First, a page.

This past week, St. Louis County Chief Judge Sally L. Tarnowski found that Plaintiffs Joel Johnson, Joy Johnson, Lakehead Boat Basin, Inc., and Marine Services, Inc. (collectively “LBB”) lost their multi-million dollar claim against the City of Duluth “purely” due to neglect of their lawyers. Fortunately for Plaintiffs, Judge Tarnowski took the further step of granting Plaintiffs’ Rule 60 motion for relief from judgment.

This, in turn, raises another question: does “relief from judgment” make the malpractice action against LBB’s lawyers “go away” (that is, the lawyers who missed the filing deadline  in Plaintiffs’ case against the City of Duluth)? Time will tell…

Lovis Corinth (an amazing artist you have never heard of)

Update (February 1, 2017): Regular readers might recall a recent post, below, in which Sorin, the plaintiff, submitted an exhibit on its own exhibit list for use at trial, to which St. Jude, the defendant, objected. The trial judge (U.S. Dist. Ct. Chief Judge John R. Tunheim (D. Minn)) agreed with St. Jude that the evidence was irrelevant.

Then St. Jude offered this same evidence at trial and Sorin not only objected to the evidence but, after Sorin lost, it argued that introduction of the evidence tainted the trial and required a new trial.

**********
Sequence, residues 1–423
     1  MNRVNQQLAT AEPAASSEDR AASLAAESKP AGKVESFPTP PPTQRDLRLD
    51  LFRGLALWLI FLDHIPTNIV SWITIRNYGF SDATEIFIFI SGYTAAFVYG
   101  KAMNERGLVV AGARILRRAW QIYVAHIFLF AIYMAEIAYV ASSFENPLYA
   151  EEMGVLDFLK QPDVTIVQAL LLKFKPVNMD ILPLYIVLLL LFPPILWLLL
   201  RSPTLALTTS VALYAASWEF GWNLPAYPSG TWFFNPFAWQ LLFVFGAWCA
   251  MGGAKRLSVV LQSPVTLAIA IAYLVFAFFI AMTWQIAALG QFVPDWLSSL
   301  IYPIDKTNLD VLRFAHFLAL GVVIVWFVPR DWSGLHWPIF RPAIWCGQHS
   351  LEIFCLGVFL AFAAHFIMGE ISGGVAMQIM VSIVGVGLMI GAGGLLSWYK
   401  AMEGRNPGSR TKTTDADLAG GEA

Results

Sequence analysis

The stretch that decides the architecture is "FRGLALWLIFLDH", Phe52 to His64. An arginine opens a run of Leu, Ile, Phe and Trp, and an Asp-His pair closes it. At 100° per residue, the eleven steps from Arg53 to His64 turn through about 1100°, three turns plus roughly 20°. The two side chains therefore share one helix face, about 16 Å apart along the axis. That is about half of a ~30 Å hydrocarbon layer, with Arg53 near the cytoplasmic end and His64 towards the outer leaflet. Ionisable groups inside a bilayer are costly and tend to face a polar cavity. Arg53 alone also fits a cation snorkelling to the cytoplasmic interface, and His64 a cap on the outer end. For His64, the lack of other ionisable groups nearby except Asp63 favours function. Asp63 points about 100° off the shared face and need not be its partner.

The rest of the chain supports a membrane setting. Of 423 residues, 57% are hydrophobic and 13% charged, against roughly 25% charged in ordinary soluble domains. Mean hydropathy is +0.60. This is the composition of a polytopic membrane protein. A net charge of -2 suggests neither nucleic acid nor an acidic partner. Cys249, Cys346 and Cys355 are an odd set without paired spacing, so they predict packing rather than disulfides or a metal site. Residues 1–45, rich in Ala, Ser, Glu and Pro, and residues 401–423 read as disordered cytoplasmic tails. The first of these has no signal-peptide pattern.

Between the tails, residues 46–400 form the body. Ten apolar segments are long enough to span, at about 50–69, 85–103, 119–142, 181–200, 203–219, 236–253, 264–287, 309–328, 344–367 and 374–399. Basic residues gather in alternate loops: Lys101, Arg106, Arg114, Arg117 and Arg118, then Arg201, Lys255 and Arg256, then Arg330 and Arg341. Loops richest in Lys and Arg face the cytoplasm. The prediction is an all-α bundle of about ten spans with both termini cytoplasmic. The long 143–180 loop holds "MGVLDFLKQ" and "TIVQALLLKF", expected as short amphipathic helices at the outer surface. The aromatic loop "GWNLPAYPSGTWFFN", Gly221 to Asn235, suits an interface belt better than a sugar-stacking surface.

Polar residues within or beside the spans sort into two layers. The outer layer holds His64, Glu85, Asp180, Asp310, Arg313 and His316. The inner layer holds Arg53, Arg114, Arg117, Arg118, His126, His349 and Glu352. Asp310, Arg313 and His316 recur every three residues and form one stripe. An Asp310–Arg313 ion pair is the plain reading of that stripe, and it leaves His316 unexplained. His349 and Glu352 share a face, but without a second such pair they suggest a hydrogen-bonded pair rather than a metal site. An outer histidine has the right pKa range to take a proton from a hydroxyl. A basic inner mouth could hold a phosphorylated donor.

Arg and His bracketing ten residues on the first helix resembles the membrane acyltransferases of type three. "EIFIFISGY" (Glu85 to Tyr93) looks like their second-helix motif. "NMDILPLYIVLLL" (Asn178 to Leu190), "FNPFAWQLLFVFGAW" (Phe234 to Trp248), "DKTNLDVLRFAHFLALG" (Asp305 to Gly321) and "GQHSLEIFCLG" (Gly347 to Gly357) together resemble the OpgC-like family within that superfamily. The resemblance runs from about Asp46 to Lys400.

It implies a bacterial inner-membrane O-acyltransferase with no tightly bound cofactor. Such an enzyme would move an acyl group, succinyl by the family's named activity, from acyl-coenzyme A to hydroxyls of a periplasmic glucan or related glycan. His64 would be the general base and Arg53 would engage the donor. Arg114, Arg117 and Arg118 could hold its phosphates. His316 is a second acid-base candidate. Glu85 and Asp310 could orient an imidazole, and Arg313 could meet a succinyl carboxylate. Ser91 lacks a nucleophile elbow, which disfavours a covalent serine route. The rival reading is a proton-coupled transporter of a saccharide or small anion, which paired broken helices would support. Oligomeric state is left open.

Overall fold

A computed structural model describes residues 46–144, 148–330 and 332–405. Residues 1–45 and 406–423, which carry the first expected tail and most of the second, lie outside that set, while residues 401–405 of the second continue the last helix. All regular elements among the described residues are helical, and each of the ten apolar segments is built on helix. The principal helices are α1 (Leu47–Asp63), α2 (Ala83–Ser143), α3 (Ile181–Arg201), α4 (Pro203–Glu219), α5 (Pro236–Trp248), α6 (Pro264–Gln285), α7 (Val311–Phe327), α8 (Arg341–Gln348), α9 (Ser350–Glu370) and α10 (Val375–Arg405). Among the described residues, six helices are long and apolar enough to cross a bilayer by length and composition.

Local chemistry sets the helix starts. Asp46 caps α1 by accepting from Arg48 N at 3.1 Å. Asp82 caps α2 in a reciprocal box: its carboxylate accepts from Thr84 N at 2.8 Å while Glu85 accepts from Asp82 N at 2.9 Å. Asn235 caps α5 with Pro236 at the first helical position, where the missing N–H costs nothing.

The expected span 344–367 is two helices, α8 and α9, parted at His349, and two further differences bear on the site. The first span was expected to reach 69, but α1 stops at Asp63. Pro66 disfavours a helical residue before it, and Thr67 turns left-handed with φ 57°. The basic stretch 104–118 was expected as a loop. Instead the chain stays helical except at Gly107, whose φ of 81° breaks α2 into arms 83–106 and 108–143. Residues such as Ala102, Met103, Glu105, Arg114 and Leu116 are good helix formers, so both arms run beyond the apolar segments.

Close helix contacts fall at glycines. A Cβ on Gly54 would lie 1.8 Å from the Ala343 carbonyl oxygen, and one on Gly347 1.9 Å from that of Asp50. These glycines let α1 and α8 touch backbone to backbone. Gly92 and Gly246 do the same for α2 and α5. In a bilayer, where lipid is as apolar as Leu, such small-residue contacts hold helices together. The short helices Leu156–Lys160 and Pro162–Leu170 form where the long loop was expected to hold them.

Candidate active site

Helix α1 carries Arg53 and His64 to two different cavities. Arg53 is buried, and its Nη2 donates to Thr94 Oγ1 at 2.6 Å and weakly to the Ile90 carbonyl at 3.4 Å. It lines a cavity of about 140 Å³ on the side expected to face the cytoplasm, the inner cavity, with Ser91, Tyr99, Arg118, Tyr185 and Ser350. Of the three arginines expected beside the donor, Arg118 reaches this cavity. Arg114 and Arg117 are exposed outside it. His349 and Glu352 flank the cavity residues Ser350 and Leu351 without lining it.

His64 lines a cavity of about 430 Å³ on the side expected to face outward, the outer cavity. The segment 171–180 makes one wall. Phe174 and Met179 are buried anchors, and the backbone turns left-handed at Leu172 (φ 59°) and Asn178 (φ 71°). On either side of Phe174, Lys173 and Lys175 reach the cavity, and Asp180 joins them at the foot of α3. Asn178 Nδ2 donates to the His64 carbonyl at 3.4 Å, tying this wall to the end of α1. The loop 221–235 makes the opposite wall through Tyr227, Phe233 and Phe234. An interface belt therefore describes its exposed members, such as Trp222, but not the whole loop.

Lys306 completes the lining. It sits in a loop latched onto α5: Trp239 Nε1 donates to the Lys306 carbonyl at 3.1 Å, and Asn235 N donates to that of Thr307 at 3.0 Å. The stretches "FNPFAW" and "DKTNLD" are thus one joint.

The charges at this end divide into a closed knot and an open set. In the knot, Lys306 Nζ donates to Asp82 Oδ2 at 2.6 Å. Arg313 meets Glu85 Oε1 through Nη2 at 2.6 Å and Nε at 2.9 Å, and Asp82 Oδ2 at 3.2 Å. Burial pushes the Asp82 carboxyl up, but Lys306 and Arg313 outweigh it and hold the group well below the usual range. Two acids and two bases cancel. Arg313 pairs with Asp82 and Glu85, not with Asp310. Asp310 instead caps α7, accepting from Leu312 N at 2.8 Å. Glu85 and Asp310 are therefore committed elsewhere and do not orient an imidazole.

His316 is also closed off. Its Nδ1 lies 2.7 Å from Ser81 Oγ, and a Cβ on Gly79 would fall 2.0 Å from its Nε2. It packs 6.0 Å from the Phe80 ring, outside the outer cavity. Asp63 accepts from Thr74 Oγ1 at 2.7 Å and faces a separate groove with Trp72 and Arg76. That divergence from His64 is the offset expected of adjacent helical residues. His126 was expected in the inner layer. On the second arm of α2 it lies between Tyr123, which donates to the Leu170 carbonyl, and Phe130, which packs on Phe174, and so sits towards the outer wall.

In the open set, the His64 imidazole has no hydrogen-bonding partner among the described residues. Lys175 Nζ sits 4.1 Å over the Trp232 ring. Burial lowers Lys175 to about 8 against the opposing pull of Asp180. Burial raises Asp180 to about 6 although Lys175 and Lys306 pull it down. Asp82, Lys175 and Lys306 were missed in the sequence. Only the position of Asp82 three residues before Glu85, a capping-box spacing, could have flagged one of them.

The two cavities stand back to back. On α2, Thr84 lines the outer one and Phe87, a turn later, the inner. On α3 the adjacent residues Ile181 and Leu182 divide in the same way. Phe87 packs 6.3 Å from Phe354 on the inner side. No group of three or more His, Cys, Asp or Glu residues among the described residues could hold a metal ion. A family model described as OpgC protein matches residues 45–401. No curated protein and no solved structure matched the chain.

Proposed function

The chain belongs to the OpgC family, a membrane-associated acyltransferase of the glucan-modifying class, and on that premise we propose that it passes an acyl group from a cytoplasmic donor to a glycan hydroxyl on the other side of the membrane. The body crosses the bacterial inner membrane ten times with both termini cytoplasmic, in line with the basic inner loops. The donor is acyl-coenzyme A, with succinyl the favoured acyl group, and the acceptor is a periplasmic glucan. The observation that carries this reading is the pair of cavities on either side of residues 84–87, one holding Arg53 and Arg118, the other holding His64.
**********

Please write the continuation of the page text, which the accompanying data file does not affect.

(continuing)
St. Jude’s forceful (if predictable) response is that the Court committed no error in admitting the evidence and, even if the Court did, this hypothetical error falls far short of the “heavy burden” to require a new trial.

Minnesota Litigator predicts that Sorin will lose its motion for a new trial. The most persuasive part of St. Jude’s response memo is its first line:

After an 11-day trial involving testimony from sixteen witnesses … and the admission of over 190 exhibits, a twelve-member jury unanimously found in favor of Defendant St. Jude Medical S.C., Inc. (“SJM”) on every claim Plaintiff asserted.

Trials, like legislation, and like sausage-making, are messy processes. We need to be vigilant, we need to apply sound guidelines, and we need to dress appropriately, but if we over-do it, we’ll never get anything rendered, passed, resolved, or, for that matter, barbecued.


Minnesota Litigator generally avoids covering stories that other larger news outlets are covering because we do not have the resources to cover such stories like the bigger players. Our “coverage,” therefore, is too often simply echoing what others have written.